China virus threatens US freight recovery: SMC3 speakers

China virus threatens US freight recovery: SMC3 speakers


The US freight slump may not end until the second half of the year, speakers warned attendees of the SMC3 Jump Start 2020 conference. Photo credit:

ATLANTA — The US freight cycle may not have hit bottom yet, but it could be close, speakers at the SMC3 Jump Start 2020 Conference said Monday. Economic indicators point to a better second half of the year for US shippers and their transportation and logistics partners, but uncertainty persists, making forecasting an even more imprecise science than usual.

“We do see evidence this freight cycle should bottom in the first half of 2020, but it’s going to be a tough first half, things haven’t bottomed yet,” said Benjamin J. Hartford, senior research analyst at investment firm Baird. “There’s been a runup in excitement about [an exit from] the trough in growth. I think that is going to be tested in the coming weeks.”

One test is the new coronavirus that has erupted in Wuhan, China, and has spread to the United States and Europe. The impact of the virus has already spread from its origin point to stock markets around the globe. In the short-term, “people are going to be afraid to fly,” said Jeffrey Rosensweig, international business and finance professor at Emory University. 

Airlines are responding. Hong Kong-based Cathay Pacific and Cathay Dragon have cut flight capacity to mainland China by half until the end of March. That leaves less capacity for cargo to be shipped via the bellies of passenger jets. 

Based on stock market reactions to past outbreaks, such as the 2003 SARS epidemic, the long-term impact may not be great. Six months after the SARS epidemic ended in April 2003, the value of the S&P 500 was up almost 15 percent, according to Dow Jones Market Data. But outbreaks are hard to compare while one is unfolding.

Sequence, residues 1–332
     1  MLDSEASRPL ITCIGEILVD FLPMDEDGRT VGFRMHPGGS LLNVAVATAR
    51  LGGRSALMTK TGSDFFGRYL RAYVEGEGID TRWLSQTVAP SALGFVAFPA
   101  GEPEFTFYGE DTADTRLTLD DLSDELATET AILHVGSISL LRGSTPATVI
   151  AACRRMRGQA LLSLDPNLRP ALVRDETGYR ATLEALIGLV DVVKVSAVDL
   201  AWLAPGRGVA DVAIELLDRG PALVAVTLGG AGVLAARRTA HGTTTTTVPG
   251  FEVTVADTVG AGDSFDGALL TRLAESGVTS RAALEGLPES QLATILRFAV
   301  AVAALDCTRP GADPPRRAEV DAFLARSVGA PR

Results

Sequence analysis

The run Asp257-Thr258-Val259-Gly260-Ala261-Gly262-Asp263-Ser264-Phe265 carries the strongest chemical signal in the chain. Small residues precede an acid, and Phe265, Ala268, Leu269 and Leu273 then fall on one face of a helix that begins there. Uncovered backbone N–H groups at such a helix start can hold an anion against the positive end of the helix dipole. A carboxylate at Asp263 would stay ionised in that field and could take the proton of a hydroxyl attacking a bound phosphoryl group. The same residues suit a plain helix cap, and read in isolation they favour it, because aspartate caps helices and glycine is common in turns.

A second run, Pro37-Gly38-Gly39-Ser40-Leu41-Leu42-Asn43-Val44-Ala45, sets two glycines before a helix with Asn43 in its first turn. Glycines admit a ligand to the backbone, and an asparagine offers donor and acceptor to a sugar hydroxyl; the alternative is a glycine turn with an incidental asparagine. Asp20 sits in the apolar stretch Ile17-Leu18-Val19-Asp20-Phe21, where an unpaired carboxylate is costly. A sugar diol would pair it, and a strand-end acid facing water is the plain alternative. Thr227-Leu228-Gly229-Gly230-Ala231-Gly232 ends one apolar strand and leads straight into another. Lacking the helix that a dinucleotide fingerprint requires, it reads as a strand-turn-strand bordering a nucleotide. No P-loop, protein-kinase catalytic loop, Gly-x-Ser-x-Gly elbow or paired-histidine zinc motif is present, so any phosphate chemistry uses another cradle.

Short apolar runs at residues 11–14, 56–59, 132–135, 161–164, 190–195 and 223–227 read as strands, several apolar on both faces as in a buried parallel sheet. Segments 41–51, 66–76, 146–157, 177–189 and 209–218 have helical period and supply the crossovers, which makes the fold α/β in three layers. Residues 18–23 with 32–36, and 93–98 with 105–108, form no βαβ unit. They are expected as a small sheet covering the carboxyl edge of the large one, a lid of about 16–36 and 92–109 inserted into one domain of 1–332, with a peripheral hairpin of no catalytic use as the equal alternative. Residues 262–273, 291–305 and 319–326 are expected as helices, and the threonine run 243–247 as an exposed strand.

“Forecasting is difficult, and it’s made more difficult with the extra uncertainty coming in right now, whether it’s political or geopolitical or the virus,” Rosensweig told SMC3 attendees.

“There are a lot of contradictions in the market today,” said Hartford, adding there are a lot of similarities to the late 1990s, the dot-com boom era. “What’s different today? The limitless amount of data,” he said. “Everybody can find whatever data they want to justify whatever outlandish statement they want to make. There’s a lot of noise at the moment.”

‘Unusual’ recovery

A US recession alarm was sounded last year, he said, when the long-term and short-term yield curves on US Treasury bonds inverted, with short-term yields rising above long-term. Such an inversion has taken place before every recession since the 1960s, Hartford said. Federal Reserve interest rate policy helped correct the inversion and push up long-term yields, he said.

That yield curve has flattened in 2020, however, Hartford said. “We’ve had such an unusual recovery, with no resemblance to any prior recession or recovery since 1929,” he said. “There’s definitely trepidation about how long this recovery will last, but recessions aren’t inevitable. The calendar may argue we need to have one, but I hesitate to put a time stamp on things.”

In terms of employment, the US economy is stronger than it ever has been, Rosensweig said. “More people are working at this minute in the United States than at any time in our history,” he said. “We have gained jobs every month for over 10 years, which is a remarkable economic performance. Never forget the underlying strength of a $22 trillion economy.”

The story of the US economy, and freight transportation, in early 2020 won’t be one of growth, but stabilization, Hartford said. “Stabilization is the name of the game in the first half of the year, with potential improvement in the back half of the year,” he said. “But it’s going to be a difficult year to produce much in the way of volume growth. Flat year-over-year should be expected.”

Contact William B. Cassidy at and follow him on Twitter: @willbcassidy.